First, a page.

Greek former neo-Nazi MEP arrested in Brussels

John HADOULIS
·3-min read

Α former leading member of Greece's neo-Nazi Golden Dawn party was arrested in Belgium on Tuesday, hours after the European Parliament lifted his immunity, Greek police said.

A police source confirmed to AFP that MEP Ioannis Lagos was arrested in Brussels under an international arrest warrant to serve a 13-year jail term in Greece.

The Brussels public prosecutor's office later confirmed that Lagos had been taken into custody, declining to elaborate.

The independent MEP had earlier tweeted: "I am in a Belgian police car... being taken to jail."

State news agency ANA said procedures were under way for Lagos' extradition to Greece.

The 48-year-old former nightclub bouncer had been convicted in October, along with other leaders and members of the neo-Nazi Golden Dawn party, on several charges, including running a criminal organisation.

But the court ruling could not be enforced until Monday evening, when EU lawmakers in a secret ballot overwhelmingly approved that Lagos be stripped of his immunity as an MEP, with 658 backing the move and only 25 opposed.

Lagos had been elected to the European Parliament in 2019 on a Golden Dawn ticket before defecting just weeks later.

- Stunning downfall -

The marathon trial of the Golden Dawn top brass, including founder and longterm leader Nikos Michaloliakos, was seen as one of the most important in Greece's modern political history.

In total, more than 50 defendants were convicted of crimes ranging from running a criminal organisation, murder and assault, to illegal weapons possession.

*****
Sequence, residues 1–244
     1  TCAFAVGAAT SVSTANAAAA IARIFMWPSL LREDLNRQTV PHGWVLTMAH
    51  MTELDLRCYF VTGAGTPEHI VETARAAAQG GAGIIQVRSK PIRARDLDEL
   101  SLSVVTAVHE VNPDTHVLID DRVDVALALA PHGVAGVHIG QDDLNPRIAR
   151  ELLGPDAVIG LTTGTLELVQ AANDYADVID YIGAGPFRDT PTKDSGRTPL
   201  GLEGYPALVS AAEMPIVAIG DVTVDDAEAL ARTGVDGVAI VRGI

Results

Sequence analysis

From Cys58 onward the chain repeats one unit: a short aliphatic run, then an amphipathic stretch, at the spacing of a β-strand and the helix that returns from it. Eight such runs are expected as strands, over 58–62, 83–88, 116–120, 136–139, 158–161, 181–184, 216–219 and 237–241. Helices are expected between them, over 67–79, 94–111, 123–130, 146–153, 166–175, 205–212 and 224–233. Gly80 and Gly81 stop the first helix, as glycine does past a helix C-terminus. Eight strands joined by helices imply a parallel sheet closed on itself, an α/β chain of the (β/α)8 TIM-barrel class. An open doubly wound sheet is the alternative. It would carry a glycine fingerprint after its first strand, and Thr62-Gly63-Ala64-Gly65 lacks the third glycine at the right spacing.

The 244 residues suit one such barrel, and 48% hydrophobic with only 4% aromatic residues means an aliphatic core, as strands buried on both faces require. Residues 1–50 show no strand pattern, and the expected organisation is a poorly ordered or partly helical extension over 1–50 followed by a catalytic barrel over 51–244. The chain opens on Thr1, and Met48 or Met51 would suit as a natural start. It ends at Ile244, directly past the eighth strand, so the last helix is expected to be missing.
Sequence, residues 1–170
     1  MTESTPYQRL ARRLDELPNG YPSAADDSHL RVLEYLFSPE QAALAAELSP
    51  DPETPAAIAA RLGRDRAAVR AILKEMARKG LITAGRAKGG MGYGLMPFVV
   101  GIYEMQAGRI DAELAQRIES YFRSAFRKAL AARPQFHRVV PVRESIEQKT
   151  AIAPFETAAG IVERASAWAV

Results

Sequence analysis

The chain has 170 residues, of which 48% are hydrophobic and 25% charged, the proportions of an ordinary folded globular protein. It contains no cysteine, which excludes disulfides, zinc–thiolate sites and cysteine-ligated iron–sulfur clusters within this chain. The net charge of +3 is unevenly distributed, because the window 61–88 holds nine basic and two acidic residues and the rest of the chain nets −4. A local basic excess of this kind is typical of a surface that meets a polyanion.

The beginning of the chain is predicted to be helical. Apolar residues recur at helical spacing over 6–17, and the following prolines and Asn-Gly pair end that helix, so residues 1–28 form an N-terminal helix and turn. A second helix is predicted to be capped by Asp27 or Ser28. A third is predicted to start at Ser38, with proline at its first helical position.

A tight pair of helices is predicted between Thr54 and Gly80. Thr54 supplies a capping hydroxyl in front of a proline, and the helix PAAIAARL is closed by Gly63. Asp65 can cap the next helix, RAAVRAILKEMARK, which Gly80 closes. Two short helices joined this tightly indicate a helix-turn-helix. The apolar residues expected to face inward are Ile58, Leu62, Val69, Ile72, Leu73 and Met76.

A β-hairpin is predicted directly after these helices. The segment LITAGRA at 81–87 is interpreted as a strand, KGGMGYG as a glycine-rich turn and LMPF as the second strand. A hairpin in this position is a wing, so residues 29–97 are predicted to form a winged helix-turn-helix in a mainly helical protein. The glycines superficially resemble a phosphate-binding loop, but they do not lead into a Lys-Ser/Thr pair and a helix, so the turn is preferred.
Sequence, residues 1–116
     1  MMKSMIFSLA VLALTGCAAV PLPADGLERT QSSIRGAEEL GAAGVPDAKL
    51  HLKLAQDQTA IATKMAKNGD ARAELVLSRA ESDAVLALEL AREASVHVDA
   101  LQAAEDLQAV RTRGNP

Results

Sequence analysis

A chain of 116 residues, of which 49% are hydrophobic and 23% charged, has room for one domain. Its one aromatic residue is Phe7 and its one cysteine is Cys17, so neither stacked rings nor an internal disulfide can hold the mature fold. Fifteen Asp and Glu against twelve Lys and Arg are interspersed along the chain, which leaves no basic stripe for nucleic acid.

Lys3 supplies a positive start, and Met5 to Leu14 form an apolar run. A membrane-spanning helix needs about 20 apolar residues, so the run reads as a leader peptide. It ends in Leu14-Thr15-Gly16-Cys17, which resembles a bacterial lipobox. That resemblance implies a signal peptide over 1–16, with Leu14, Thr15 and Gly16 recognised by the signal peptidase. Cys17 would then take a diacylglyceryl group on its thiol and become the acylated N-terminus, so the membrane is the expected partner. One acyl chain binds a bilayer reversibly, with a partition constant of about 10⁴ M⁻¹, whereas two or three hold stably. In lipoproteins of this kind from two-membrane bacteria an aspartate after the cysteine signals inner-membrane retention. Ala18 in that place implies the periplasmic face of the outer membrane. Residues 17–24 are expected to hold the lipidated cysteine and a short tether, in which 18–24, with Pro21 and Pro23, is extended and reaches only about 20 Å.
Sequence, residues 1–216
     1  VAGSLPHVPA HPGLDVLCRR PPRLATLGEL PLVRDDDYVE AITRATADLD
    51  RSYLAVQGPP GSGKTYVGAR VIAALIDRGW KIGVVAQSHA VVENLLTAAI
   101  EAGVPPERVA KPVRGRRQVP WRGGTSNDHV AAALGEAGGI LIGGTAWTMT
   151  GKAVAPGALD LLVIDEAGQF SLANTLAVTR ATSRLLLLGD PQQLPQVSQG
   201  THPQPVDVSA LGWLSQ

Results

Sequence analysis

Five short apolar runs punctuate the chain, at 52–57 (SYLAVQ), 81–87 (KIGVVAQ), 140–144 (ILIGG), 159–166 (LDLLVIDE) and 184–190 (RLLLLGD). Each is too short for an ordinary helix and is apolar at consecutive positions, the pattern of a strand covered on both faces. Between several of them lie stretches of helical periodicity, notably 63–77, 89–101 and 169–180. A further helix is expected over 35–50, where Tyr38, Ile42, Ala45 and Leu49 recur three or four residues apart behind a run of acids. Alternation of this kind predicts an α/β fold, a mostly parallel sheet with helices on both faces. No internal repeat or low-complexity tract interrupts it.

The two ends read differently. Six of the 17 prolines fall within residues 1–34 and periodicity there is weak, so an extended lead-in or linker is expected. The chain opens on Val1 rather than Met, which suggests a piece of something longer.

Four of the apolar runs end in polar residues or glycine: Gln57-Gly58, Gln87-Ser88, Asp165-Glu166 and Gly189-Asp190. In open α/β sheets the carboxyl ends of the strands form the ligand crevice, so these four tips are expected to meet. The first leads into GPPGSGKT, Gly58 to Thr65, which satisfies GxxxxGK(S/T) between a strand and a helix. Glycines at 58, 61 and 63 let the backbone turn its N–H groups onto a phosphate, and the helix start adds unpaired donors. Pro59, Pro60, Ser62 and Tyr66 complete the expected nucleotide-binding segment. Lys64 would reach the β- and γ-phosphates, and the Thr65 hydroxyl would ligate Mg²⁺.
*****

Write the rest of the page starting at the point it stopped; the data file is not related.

The jail terms capped a stunning downfall for a party which was the country's third most popular in 2015.

The crackdown was sparked by the late-night murder of a 34-year-old anti-fascist rapper, Pavlos Fyssas, stabbed to death in front of a cafe in the western Athens suburb of Keratsini in September 2013.

Lagos was Golden Dawn's local district commander in the broader Piraeus area where Fyssas was murdered.

"Nothing would have been done without approval from Lagos, there is no chance," the victim's mother Magda had told the court during the trial.

Based on records of phone conversations between Golden Dawn members the night Fyssas was murdered, prosecutors had also argued the attack was carried out with the knowledge of senior party cadres.

They said it was part of a broader pattern of violence organised by the party against migrants and political opponents.

Other crimes committed in the area overseen by Lagos included assaults on Egyptian fishermen and Communist unionists in 2012 and 2013 respectively.

Michaloliakos and the majority of those found guilty are already behind bars, but Golden Dawn deputy leader Christos Pappas is currently on the run.

Greek media have reported that Pappas could be hiding under the guise of a monk somewhere in the Balkans.

Tapping into anti-austerity and anti-migrant anger during Greece's decade-long debt crisis, Golden Dawn won 18 seats in parliament in 2012, with its lawmakers repeatedly shocking the chamber with provocative and aggressive behaviour.

Its influence grew in 2015 but began to ebb as the group's criminal activities began coming to light in trial testimony.

The party failed to win a single seat in the last parliamentary election in 2019.

jph-mad/jz